I never used to consider myself to be a victim. But recent incidents have made me rethink that.
To put it bluntly, being a Liverpool fan means I’m treated differently. If I’m ever offended it’s because I’m a victim. If I feel something is unjust I’m a victim. State an opinion someone disagrees with and, yep, you guessed it, I’m a victim.
It shouldn’t be the case but I’ve almost become numb to it on social media. In the past, the victim shouts would trigger me. The Hillsborough comments would rattle me. But this is just how it is on Twitter and Facebook. People want reactions. Trolls clamber for retweets and likes. But because these shouts are now so overused, they simply no longer have the same impact.
This in itself is an issue. Can you imagine someone walking round in real life making jokes about 96 deaths? Yet social media gives people the anonymity and the confidence to do exactly that.
We’ve all come to expect it from fans or rivals clubs but hearing it from rivals players was jarring. The video of the Manchester City players singing their fans’ version of Allez, Allez, Allez isn’t something you expect to ever see the light of day.
These players are role models to the masses. The song they’re singing references Liverpool supporters being ‘battered in the streets’. It mentions a fellow professional being injured. It even mentions a phrase many associate with the Hillsborough disaster.
Yes, they’ve just won the Premier League. They’ve had a bit to drink and they’re in a celebratory mood. They’re behind closed doors so allow their masks to slip. Allowing for all that, I still struggle to understand why exactly they opted to sing that song. Even if there’s only a one per cent chance it manages to leak, is it worth the potential blowback?
It isn’t a song you can randomly just start singing, either. Meaning that potentially wasn’t the first time that group has sung it. They even went out of their way to change a part of the song to Vincent Kompany injuring Mohamed Salah as opposed to Sergio Ramos doing the deed. This subtle change means they know exactly what they’re saying. Any claims of innocence go out of the window because of that.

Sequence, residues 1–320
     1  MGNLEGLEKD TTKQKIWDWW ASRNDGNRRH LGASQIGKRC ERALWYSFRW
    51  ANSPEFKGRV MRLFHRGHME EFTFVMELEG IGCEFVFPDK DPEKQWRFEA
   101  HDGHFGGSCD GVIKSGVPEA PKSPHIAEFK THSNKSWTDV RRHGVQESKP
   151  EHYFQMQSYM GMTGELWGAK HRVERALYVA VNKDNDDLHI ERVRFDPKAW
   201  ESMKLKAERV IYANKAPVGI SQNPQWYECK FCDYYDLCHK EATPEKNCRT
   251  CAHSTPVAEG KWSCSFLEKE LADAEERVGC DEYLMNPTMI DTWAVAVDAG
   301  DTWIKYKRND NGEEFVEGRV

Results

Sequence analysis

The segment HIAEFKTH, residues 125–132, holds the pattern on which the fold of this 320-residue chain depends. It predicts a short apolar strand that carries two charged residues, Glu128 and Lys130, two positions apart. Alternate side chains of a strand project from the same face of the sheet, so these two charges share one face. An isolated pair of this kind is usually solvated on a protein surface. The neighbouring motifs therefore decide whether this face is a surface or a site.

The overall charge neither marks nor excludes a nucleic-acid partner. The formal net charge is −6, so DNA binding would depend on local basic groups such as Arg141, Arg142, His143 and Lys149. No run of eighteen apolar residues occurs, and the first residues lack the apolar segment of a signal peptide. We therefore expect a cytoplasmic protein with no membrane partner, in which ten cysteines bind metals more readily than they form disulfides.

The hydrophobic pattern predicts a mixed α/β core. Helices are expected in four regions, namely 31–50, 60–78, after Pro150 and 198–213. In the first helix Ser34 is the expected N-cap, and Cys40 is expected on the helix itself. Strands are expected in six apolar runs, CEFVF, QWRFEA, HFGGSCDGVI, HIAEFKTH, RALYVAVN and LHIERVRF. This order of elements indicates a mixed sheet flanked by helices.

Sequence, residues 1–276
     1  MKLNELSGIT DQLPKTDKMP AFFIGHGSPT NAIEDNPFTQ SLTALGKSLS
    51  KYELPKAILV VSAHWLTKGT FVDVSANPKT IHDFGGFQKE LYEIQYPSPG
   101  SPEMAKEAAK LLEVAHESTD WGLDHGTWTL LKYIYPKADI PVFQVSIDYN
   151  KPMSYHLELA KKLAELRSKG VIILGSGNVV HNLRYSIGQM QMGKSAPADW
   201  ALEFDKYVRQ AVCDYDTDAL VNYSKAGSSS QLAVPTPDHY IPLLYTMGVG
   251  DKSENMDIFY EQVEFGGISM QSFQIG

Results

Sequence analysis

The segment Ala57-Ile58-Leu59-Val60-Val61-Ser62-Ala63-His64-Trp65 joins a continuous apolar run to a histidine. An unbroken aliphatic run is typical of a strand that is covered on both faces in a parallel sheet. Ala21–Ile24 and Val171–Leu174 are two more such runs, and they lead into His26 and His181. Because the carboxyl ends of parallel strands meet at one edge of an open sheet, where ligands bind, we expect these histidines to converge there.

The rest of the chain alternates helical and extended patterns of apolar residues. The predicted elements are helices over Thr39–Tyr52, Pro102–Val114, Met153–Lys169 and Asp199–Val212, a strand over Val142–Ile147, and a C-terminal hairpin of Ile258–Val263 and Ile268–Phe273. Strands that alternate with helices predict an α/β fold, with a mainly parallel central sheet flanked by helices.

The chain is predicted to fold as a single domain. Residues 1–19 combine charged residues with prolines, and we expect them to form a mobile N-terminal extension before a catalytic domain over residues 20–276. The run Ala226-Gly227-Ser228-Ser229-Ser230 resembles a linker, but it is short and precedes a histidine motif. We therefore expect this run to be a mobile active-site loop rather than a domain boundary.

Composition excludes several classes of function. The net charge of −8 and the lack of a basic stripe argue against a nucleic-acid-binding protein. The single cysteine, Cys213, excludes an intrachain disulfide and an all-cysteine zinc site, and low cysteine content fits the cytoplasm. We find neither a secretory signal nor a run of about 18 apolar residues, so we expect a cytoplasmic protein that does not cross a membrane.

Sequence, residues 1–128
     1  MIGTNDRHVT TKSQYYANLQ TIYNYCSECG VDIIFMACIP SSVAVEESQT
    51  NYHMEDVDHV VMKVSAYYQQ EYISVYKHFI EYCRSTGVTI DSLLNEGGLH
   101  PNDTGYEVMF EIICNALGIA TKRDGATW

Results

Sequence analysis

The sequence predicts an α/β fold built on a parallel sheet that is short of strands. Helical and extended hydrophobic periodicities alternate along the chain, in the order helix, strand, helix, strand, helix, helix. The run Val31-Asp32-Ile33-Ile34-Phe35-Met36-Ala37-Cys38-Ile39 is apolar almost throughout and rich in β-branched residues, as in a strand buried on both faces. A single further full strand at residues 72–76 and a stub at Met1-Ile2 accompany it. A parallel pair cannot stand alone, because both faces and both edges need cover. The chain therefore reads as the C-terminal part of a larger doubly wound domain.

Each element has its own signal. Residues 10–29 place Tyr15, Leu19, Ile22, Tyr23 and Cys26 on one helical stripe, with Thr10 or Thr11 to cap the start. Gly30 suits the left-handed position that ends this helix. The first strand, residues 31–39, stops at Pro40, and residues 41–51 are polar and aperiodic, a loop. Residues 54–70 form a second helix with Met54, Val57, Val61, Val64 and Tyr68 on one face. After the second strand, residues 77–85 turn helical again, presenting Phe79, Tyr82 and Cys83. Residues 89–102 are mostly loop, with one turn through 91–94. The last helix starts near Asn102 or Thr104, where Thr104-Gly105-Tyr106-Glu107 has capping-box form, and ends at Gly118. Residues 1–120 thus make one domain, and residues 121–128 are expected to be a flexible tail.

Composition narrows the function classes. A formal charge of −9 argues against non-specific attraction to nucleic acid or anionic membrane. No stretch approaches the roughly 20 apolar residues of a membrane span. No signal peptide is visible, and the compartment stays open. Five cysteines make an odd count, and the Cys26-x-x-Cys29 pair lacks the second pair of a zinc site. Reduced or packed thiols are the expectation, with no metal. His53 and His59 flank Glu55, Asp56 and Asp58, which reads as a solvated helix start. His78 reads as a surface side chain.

City fans are adamant the ‘battered in the streets’ line is in no way connected to Sean Cox. The club even mention this specific line in their statement: ‘Any suggestion that the lyrics relate to Sean Cox or the Hillsborough tragedy is entirely without foundation.’
Perhaps the most alarming part of that is that they didn’t apologise. Manchester City, as a club, are giving off the impression that having their staff sing about fans being assaulted is fine so long as Sean Cox isn’t namechecked.
Truth be told, it’s hard to prove the chant is about him. But the connotations are there and you can’t blame fans for immediately making that link. Likewise, the ‘victims of it all’ line is thrown in there as a dig about Hillsborough, regardless of what their fans claim.
Let’s face it, the word ‘victim’ when levelled at a Liverpool fan is a dig. It’s a jibe associated with what happened at Hillsborough and 99 per cent of football fans know this. It’s why they’re so quick to say it. They can act dumb, but football Twitter isn’t averse to getting creative with insults. Yet the usual suspects are stuck on a shelf and the victim shout is given an airing whenever anything is linked to Liverpool.
I commented on the video yesterday and found Sheffield Wednesday, Leeds United, Aston Villa, Newcastle United, Arsenal, Tottenham Hotspur, Everton and Manchester United fans in my mentions calling me a victim amongst other things.
All because I felt players from the Premier League champions singing questionable lyrics was unprofessional. These same fans, however, are seemingly offended by the actions of Liverpool fans throughout the years.
They were quick to bring up the man pushing people into the fountain in Barcelona. Even quicker to justify the City players singing that song by bringing up what happened to the bus last season. Some mentioned Heysel. Some had screenshots of random Liverpool fans saying things they shouldn’t be saying.
It’d be just as easy for me to find examples of idiot fans. I could claim City’s bus deserved to be attacked because of how City fans acted at Wigan Athletic that time. But I wouldn’t do that because I’m not an idiot. And that isn’t the point anyway. The point is these are professional players singing songs that fans shouldn’t even be singing in all honesty.
What would the reaction be if Liverpool players were caught singing a song about the Manchester City fan who was assaulted by Schalke fans? Or if they mentioned Kevin de Bruyne picking up an injury while joking about City’s failure to get beyond the quarter-final of the Champions League? It’s unprofessional and, because it’s Liverpool, supporters of various clubs would combine to make sure we knew it. They’d then never let us forget about it.
Because the rules are different for us and will continue to be so. They have been for a long time now and the fact City don’t have enough respect for us to acknowledge why this has caused offence means clubs now realise that too. They don’t need to react normally because Liverpool fans are ‘offended by everything and ashamed of nothing’, right?